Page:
Atascadero Unified School District officials recommended hiring Atascadero High School principal E.J. Rossi despite allegations that he had misappropriated public funds at another school district, according to a grand jury report.
“When we hired Mr. Rossi (in 2007) as assistant principal, it was our understanding that the issues with his former district had been resolved,” district Superintendent John Rogers said. “Apparently the issue wasn’t resolved. That became revealed later.”
In its nine-page report, the civil grand jury examined whether Atascadero Unified failed to perform due diligence in hiring and promoting Rossi.
Rossi worked as a superintendent and principal for the San Ardo Union School District in Monterey County from September 2003 to July 2007. He accepted the position of assistant principal at Atascadero High School in August 2007.
Days after Rossi’s departure, however, the San Ardo district discovered about $6,000 in missing equipment and funds, the grand jury found. Rossi agreed to pay restitution.
Then an annual district audit for fiscal year 2006-07 revealed “improper accounting and documentation leading to a shortage of $56,000,” the grand jury reported. The shortage was attributed to Rossi. Another audit ordered by the Monterey County schools superintendent confirmed those findings.
The Monterey County District Attorney’s Office also investigated the case, concluding in January 2009 that there was insufficient evidence to support criminal prosecution.
When San Ardo learned Atascadero was eying Rossi as a potential principal, the school district sent copies of its audit findings to the Atascadero Unified School District Board of Trustees and school administrators. San Ardo’s superintendent also discussed the situation with an Atascadero administrator, the jurors found.
“Testimony revealed that this information was not shared with the hiring committee, and it was disregarded because the audit referred to ‘the previous superintendent’ rather than to Mr. Rossi by name,” the grand jury said.
When Rossi approached Atascadero’s superintendent and director of human services “to explain he was under investigation,” the grand jury reported, “both chose to treat this as a minor misunderstanding between Rossi and his former employer and again, failed to inform the hiring committee.”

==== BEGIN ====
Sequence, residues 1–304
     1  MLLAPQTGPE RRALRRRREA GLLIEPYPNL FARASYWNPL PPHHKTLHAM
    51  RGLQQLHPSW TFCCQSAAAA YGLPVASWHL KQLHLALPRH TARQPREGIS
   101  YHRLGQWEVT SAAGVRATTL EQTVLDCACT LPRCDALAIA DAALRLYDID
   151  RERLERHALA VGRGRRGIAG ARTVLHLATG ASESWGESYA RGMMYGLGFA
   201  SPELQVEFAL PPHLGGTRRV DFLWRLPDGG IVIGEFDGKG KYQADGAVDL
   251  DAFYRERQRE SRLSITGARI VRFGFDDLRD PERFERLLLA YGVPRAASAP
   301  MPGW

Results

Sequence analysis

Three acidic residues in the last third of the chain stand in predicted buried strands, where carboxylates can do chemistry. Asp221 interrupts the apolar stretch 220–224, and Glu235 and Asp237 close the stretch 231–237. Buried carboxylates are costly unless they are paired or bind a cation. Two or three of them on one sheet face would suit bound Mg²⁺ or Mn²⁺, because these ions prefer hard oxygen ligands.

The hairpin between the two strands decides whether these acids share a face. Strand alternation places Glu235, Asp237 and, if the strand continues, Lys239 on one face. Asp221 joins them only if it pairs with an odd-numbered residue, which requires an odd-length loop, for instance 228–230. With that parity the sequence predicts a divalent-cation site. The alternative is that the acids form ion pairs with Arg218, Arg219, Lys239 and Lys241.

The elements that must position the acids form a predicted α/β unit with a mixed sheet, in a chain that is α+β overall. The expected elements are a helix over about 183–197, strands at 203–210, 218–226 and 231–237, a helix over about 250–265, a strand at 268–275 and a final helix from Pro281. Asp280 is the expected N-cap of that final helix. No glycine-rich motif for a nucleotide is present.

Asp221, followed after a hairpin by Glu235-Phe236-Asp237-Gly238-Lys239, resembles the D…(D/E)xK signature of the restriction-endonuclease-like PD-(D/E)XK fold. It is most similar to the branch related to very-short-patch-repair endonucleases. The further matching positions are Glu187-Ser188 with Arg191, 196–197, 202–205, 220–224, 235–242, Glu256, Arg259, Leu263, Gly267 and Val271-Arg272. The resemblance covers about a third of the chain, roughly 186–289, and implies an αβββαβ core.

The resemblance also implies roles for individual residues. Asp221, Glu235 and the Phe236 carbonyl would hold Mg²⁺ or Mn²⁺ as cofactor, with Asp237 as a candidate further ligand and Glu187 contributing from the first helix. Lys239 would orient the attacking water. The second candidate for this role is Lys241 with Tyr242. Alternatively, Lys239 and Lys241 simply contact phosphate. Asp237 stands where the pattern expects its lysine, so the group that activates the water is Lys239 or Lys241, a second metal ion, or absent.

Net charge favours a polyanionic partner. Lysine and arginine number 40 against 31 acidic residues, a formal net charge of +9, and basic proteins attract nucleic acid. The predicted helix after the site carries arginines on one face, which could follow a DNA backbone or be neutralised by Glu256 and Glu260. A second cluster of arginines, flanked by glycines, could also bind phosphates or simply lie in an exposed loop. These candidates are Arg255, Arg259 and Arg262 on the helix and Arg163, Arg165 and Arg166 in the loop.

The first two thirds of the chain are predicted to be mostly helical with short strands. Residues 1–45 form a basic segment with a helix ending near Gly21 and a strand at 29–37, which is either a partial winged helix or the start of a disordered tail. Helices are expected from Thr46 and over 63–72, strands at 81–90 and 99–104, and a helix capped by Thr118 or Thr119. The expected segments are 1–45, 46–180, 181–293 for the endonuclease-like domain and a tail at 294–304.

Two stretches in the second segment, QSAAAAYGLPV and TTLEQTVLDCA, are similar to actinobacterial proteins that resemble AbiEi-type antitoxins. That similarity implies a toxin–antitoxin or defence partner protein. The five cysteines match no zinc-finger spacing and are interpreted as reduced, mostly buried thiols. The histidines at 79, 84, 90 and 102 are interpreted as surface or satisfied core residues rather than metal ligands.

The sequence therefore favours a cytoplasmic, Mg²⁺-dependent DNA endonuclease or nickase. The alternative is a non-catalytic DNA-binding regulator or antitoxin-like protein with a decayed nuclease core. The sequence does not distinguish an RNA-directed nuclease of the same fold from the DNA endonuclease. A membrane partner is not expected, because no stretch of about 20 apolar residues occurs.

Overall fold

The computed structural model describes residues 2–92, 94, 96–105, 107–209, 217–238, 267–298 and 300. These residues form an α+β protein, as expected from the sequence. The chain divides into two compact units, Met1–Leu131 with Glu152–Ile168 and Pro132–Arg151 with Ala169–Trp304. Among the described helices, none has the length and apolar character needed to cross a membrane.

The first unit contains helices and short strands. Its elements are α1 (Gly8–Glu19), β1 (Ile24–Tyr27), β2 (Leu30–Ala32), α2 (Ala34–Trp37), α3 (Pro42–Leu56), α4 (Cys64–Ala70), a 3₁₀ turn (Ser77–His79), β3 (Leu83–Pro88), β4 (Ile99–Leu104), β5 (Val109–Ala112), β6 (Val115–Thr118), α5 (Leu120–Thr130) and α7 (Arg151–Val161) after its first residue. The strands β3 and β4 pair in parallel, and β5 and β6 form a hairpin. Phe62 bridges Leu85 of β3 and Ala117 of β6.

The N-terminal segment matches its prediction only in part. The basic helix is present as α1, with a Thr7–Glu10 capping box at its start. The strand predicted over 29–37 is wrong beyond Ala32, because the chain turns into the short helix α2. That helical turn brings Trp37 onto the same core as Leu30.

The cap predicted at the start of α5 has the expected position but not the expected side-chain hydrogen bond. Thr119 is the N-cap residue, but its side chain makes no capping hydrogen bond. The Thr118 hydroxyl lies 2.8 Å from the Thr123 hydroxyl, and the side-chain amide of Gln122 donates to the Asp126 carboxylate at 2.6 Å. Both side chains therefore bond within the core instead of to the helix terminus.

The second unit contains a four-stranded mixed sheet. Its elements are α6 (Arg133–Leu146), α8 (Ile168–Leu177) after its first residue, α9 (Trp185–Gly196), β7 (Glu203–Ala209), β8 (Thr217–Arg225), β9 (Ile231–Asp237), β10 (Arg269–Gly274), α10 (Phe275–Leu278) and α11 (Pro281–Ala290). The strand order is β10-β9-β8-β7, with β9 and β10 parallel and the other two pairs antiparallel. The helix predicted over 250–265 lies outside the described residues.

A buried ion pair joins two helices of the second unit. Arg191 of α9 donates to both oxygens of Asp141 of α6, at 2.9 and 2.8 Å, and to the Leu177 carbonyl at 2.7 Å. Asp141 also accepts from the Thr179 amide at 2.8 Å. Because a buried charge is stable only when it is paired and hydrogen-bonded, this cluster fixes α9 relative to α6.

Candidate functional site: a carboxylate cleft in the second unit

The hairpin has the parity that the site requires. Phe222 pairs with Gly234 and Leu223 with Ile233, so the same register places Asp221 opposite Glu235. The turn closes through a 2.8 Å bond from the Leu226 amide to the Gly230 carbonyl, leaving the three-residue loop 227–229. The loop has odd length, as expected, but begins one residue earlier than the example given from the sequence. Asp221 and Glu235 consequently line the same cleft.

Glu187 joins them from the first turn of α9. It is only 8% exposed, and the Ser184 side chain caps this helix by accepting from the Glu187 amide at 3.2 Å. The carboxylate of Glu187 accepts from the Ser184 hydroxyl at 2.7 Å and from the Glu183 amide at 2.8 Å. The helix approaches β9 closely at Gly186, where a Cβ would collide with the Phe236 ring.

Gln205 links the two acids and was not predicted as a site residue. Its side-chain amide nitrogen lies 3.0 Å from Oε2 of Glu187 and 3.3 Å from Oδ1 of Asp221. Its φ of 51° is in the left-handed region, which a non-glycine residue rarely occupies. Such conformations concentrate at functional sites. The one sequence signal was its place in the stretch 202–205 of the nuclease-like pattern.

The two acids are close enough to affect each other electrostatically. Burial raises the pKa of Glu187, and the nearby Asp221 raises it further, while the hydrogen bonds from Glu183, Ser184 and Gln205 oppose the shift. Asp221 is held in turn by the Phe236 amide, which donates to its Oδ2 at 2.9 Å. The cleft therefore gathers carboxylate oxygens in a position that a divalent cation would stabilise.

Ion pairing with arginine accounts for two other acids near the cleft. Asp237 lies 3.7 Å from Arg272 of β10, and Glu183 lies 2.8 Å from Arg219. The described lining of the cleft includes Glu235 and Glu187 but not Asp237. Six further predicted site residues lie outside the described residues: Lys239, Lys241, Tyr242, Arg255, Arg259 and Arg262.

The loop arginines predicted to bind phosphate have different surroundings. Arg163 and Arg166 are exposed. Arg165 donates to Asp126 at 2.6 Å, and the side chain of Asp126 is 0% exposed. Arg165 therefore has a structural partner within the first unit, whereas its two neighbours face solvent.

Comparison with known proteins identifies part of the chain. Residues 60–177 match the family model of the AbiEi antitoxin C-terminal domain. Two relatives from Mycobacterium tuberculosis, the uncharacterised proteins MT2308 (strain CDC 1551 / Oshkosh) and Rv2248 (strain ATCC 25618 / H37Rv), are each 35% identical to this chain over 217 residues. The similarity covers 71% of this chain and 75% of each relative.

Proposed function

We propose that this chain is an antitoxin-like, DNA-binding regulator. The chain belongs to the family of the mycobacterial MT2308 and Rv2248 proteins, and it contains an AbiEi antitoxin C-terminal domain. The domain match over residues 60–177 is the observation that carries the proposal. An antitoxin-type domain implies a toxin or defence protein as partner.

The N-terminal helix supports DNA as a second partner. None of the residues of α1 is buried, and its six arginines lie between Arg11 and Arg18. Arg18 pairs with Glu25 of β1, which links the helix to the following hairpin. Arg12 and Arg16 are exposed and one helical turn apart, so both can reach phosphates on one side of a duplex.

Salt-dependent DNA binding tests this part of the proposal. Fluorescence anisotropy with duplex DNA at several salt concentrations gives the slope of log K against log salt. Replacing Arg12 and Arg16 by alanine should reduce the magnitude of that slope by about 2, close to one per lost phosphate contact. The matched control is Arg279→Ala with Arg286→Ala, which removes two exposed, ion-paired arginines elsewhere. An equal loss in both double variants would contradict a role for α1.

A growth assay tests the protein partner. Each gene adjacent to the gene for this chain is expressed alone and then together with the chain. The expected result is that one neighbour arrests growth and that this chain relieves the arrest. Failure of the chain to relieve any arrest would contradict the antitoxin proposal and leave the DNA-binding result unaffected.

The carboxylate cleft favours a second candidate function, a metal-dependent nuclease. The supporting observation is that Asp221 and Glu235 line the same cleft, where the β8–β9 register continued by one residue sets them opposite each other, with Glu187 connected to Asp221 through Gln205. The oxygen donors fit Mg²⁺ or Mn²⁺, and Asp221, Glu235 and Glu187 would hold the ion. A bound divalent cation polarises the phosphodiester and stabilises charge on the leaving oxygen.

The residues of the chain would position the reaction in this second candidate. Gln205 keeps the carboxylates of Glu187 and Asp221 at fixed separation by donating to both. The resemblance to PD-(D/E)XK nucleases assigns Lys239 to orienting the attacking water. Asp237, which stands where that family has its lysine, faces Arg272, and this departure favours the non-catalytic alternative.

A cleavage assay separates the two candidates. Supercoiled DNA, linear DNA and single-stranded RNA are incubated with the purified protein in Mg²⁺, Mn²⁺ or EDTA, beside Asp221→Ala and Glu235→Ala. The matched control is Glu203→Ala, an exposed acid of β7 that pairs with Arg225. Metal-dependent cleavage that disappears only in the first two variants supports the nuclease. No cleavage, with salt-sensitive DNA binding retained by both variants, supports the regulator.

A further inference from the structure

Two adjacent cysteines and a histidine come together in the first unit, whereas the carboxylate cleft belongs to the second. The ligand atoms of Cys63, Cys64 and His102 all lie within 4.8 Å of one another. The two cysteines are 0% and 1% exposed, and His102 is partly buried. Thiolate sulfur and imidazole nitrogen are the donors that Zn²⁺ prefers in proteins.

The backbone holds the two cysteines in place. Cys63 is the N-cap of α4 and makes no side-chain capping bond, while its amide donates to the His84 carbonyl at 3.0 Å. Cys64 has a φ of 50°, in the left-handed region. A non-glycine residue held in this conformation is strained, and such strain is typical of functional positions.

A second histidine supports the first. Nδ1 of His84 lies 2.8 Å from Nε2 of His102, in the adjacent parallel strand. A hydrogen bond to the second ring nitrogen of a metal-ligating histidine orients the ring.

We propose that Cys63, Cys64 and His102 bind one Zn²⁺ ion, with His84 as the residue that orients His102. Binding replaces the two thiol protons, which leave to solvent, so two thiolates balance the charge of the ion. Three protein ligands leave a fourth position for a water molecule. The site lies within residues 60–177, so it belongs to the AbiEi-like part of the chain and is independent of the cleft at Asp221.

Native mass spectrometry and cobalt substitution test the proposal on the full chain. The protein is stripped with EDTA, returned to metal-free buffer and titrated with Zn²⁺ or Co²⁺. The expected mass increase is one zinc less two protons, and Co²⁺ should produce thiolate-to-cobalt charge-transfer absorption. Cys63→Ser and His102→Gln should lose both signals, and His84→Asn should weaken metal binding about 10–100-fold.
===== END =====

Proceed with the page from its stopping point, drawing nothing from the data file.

In addition, jurors found that Atascadero Unified conducted only two telephone reference checks when considering Rossi for the principal position. (The Monterey County schools superintendent later denied being contacted by Atascadero Unified.)
“Our typical practice is to have six,” Rogers said. “Why six weren’t recorded? I can’t answer that at this point.”
Rogers said he couldn’t speak about what information was shared by Atascadero administrators with the hiring committee, as he was on medical leave “pretty much through the hiring process.”
However, he noted the allegations that Rossi had misappropriated funds were viewed as just that.
“Certainly, the more information that’s available, the better the decisions are going to be,” Rogers said. “At the same time, the information needs to be other than allegations. ... That’s problematic too, to make decisions based on other than what is known.”
Rossi, who became the Atascadero High School principal in August 2008, signed a settlement agreement in December 2009 in which he agreed to repay $32,000 of the missing $56,000.
“To our view, the conflict was resolved satisfactorily by both parties,” Rogers said.
In its report, the grand jury also investigated allegations that Rossi mishandled student activity funds at Atascadero High, but it was unable to find supporting documentation.
Jurors recommend that Atascadero Unified implement a new policy requiring the superintendent to conduct a full investigation whenever civil or criminal complaints are lodged against staff members. The grand jury also recommends that the district contract with an outside agency to conduct pre-employment background checks on job candidates with access to public funds.
The Atascadero Unified School District has until Sept. 16 to respond to the grand jury report.
“We will be reviewing district hiring practice and modifying it as it is appropriate to do so,” Rogers said.